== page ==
Lending a helping hand
Laura Neff, a Youngstown State University student, was diagnosed with attention deficit disorder in the second grade and with hereditary spastic paraplegia just after high school.
Neff’s disorders combine a learning disability with a degenerative muscle condition.
“Walking around on campus is definitely a workout for me,” she said. “With leg braces, I still need to take my time and go at a pace that is comfortable for me.”
An American FactFinder report in 2010 indicated that 16.6 percent of Americans aged 21 to 64 live with a disability. That’s up 0.1 percent from a 2005 FactFinder report.
“ADD is having poor concentration skills,” Neff said. “This limits me because I had trouble paying attention in school.”
Neff is registered with the Center for Student Progress Disability Services, which allows her to take tests in a quiet environment and with more time to do so.
Neff is in the early stages of HSP, which will ultimately leave her in need of a cane, walker or wheelchair. Neff wears leg braces to classes to help combat leg weakness, but she said she tries to look on the bright side.
“It was explained to me that I will have a normal life expectancy and that it will never affect my brain function,” she said.
YSU’s CSP Disability Services provides support for Neff and other students who require assistance in their college careers.
Of the 750 students registered with the CSP Disability Services, 500 are active. One such student is Jake Myers, who was diagnosed with cerebral palsy and HSP as a 1-year-old.
Myers takes it all in stride, even though portions of the campus are hard for him to navigate.
“There are some physical barriers on campus, like handicap switches that don’t work and the fact that there is usually only one handicap entrance, and it is always on the far side of the building,” he said. “You do what you got to do.”
The CSP Disability Services pays students like Carly Ondash to take notes for others needing help.
“I want to be kind to everyone and treat them the way I want to be treated,” she said. “It is the golden rule, and it is a great way to live life.”
Ondash says she views the opportunity of helping a handicapped student as an educational one.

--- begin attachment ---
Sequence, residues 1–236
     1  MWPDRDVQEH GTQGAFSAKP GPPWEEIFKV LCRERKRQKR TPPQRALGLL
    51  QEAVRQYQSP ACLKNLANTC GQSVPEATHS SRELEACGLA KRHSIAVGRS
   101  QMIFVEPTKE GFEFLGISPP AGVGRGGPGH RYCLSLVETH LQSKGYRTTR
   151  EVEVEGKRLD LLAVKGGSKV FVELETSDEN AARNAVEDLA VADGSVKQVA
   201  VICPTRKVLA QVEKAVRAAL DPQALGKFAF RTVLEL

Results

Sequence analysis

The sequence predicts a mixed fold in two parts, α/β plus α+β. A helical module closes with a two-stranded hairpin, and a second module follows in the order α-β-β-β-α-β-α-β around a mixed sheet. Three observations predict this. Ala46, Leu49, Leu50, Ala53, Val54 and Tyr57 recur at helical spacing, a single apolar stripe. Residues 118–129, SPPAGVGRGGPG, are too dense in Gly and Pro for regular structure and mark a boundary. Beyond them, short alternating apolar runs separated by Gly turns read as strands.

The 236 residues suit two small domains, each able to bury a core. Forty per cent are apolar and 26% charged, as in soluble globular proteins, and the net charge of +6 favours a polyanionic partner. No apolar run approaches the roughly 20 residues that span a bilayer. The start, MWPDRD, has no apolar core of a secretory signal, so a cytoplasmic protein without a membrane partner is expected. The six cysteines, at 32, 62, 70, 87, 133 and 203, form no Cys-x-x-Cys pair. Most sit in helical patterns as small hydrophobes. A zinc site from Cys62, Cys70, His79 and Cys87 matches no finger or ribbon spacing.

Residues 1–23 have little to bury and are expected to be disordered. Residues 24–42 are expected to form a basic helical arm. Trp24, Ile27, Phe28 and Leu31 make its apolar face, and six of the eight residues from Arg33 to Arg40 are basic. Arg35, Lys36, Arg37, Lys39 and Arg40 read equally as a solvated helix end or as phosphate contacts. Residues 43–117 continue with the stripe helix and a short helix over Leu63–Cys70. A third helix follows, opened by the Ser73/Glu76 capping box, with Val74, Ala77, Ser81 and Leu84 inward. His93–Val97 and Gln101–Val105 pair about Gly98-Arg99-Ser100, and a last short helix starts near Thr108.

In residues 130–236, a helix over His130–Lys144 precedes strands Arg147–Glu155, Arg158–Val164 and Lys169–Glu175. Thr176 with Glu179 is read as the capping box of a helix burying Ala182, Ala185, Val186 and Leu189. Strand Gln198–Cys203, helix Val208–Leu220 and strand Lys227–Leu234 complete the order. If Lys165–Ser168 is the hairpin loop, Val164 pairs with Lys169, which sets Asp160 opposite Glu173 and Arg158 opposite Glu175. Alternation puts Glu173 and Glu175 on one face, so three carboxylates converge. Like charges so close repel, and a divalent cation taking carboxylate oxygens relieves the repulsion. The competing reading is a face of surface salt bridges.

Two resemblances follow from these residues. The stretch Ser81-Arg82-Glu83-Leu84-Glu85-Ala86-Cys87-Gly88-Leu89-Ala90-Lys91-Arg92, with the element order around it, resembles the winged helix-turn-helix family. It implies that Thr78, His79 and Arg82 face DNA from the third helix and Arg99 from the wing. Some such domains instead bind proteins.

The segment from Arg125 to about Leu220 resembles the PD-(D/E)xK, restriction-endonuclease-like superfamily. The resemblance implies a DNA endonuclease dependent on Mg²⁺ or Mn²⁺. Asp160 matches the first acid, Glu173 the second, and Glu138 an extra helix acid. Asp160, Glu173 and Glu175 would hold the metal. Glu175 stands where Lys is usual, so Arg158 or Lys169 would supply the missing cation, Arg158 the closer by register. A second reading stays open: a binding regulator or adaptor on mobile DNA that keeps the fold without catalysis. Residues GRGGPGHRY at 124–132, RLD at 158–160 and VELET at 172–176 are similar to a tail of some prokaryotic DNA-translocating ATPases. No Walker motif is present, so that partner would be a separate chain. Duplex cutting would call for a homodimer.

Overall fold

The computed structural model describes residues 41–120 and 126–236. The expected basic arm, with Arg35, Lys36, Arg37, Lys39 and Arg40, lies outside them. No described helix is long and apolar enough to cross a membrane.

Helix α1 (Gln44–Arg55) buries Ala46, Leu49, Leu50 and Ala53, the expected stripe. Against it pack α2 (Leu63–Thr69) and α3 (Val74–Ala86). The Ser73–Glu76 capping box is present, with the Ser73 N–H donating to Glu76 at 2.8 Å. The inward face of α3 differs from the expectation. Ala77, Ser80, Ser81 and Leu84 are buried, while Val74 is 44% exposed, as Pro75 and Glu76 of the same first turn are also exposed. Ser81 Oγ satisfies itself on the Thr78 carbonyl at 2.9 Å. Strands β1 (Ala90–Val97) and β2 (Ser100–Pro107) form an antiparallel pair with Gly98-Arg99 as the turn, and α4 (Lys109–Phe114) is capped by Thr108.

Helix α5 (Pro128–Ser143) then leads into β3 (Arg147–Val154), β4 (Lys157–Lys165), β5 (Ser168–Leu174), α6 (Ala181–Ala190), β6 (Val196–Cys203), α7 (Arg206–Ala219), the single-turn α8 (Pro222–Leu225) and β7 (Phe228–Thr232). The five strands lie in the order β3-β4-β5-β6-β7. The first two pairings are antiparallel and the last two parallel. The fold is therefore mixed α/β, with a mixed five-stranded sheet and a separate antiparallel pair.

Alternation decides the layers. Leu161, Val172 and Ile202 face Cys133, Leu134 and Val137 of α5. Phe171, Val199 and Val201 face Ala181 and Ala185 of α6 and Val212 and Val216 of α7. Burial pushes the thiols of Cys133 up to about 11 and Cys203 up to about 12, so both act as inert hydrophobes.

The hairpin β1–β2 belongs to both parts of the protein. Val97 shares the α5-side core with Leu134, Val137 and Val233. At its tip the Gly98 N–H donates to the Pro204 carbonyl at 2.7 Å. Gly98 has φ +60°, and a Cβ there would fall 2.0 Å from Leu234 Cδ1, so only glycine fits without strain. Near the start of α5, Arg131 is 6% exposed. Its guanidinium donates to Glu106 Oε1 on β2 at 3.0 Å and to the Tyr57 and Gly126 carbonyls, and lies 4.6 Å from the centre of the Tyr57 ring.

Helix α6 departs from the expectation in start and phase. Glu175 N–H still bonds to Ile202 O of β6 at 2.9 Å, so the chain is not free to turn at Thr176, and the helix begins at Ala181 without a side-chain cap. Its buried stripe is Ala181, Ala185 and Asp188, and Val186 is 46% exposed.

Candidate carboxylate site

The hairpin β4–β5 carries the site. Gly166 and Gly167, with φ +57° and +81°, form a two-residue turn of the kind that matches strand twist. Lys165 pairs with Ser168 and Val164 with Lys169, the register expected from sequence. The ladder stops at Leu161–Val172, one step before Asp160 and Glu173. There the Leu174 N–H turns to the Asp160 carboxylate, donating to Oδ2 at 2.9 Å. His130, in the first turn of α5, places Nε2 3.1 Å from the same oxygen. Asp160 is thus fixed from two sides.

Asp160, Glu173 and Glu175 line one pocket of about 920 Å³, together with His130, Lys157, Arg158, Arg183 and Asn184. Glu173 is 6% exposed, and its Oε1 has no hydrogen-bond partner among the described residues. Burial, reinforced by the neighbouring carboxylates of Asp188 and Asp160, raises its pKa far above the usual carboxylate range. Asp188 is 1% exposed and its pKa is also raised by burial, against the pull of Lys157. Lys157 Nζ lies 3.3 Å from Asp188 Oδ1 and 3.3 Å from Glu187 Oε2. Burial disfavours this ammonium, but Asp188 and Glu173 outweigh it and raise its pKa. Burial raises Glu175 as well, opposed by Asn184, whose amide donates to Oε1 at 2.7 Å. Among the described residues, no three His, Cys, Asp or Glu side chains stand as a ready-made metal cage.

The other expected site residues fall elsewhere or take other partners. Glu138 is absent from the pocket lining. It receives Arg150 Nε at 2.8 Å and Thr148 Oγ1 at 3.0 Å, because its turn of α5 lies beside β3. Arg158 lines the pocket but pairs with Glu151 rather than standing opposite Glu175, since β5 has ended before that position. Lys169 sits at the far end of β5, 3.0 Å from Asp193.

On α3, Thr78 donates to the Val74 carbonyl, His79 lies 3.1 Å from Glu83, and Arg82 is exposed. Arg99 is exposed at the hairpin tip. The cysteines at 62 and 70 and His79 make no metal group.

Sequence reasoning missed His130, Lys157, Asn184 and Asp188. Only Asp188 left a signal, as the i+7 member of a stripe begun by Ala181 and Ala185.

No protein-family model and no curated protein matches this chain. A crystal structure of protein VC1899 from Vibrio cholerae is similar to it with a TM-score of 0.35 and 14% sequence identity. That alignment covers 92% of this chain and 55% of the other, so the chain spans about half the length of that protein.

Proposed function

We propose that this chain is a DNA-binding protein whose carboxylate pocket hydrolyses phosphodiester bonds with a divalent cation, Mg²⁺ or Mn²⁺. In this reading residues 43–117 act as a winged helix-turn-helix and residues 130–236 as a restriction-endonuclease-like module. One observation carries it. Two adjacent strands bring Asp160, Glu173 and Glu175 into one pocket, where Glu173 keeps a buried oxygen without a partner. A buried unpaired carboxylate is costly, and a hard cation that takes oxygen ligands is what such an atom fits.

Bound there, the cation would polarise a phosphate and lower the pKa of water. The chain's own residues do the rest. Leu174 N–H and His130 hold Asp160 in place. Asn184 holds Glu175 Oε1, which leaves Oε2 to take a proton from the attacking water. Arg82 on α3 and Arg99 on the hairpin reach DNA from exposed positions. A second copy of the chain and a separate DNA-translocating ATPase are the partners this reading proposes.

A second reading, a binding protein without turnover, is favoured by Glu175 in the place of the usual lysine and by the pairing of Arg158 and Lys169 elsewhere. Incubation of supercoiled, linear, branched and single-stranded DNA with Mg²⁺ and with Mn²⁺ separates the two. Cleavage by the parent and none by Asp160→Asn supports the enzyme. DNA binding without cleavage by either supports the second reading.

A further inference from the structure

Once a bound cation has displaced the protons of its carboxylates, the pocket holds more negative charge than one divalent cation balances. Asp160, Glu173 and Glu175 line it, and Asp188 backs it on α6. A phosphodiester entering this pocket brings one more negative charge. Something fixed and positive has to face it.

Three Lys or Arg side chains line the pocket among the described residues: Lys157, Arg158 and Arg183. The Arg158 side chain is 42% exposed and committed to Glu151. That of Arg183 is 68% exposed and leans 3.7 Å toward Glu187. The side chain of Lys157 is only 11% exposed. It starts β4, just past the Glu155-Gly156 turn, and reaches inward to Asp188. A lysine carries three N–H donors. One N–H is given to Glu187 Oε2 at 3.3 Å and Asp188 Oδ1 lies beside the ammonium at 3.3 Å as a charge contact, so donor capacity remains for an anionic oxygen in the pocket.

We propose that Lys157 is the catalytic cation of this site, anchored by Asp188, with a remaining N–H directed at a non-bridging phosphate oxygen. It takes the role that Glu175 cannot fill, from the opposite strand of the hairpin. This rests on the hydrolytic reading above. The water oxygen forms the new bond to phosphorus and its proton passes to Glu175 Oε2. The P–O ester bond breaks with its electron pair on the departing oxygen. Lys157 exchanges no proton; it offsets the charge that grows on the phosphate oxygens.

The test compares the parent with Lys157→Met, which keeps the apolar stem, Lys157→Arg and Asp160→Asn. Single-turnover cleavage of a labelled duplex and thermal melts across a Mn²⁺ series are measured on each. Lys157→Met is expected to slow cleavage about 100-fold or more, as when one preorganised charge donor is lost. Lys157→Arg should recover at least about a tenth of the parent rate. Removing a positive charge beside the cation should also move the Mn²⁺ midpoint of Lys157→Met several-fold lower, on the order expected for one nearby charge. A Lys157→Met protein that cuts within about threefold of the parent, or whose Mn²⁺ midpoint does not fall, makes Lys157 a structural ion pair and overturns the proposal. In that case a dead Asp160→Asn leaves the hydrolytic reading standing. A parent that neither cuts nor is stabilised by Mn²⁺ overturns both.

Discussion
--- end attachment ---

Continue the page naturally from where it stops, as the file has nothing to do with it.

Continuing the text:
“The best part of helping someone with a handicap is that I learn a lot about myself and the world,” she said. “It teaches you to be understanding and see things from a different perspective.”
Should the opportunity to help someone with a handicap arise in the future, Ondash would answer the call.
“I enjoy helping others,” she said. “It is very fulfilling to give your time to someone who needs help. It makes a difference in someone’s life; it makes a difference in the world. I believe it is important to have compassion for others. And we should care about each other.”
Gina McGranahan, CSP Disability Services staff member, said she feels gratified to help those with handicaps, especially at one time every semester.
“I get my reward when the graduation list comes out and I get to see who is registered here and who graduated, and I know that hopefully we had some hand in them becoming successful in their years at YSU,” she said.
Despite their handicaps, students like Neff try to make the most of their college experiences.
Neff is a member of the Color Guard on the YSU Marching Pride and remains determined all the way.
“I may have a physical handicap, but I don’t let it stop me from doing the things I love,” she said. “Words can’t even explain what an amazing feeling it is to be out on the field performing in front of the crowd at Stambaugh Stadium.”
Neff is double-majoring in special education and early childhood and has high aspirations.
“My main goal is to become a preschool or kindergarten teacher and work with special needs children or become and intervention specialist,” she said.
Neff has advice for those in similar situations.
“Even if you have a handicap, don’t let it or people hold you back and stop you from succeeding and doing what you love in life,” she said.
“Always strive for your dreams and don’t let anything get in the way of making those dreams come true.”